Killer Whale (Orcinus orca)

Killer whales, also known as orca whales live in coastal waters in the norther areas of the world usually along ice where there prey can be found. They can be seen off the coast of British Columbia all the way to the far reaches of the north where their prey; the Emperor penguin resides. They will come to warmer and shallower waters to have their young.

The killer whale has a thick layer of blubber that keeps it warm in the colder regions of the north. They have a blow hole positioned at the top of their head so that they can breathe without having to lift their head out of the water. Killer whales, when hunting, will rise out of the water to see their prey and any dangers that might be near, this allows them to view life above the water. Their dorsal fin which is as large as 6 feet, allows them to balance when swimming in the water.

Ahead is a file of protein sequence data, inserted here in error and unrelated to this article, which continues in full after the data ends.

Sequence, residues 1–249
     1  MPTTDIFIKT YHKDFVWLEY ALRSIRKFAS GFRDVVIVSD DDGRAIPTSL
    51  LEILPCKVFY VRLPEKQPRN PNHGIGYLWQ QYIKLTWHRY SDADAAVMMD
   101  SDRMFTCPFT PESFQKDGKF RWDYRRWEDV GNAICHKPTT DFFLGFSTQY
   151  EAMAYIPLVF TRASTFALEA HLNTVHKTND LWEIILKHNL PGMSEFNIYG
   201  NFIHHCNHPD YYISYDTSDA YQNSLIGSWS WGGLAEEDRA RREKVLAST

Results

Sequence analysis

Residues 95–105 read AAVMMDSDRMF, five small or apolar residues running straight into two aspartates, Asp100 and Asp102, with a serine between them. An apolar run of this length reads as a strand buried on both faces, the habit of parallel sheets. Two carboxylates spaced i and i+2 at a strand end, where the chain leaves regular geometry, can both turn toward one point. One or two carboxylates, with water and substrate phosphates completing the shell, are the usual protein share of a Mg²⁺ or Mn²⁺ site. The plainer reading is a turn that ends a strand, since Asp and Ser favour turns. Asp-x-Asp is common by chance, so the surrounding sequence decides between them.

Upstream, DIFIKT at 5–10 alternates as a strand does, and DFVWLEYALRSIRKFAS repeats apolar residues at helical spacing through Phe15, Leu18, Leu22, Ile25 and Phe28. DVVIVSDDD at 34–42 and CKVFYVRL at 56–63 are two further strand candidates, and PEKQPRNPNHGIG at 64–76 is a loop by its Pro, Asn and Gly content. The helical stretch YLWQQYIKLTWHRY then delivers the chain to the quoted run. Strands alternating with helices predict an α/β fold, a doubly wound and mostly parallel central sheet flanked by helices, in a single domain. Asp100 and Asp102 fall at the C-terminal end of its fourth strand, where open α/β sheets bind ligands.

Orca whales travel in pods. They are polygamous creatures. After a 15 months of gestation they will give birth to one calf. The calf will be born tail first and once it has been born the mother will help it to reach the surface to breathe. The calf will stay with its mother, swimming close until it is about 3 to 8 years old where it can go off on its own and be able to reproduce its own offspring.

Orca whales feed on various types of fish found in the regions that it inhabits. They will also feed on penguins, seals, squids, sea lions, walruses, birds, sea turtles, otters, polar bears, reptiles, a moose and even other cetaceans such as dolphins if provoked to. Orca whales have even been known to kill sharks that are attacking their young. Killer whales are the largest warm blooded predators ever known.

Body Length 9.14 metres
Tail Length N/A
Wingspan N/A
Life Span 12.00 - 18.00 years
Weight 544.31 kilograms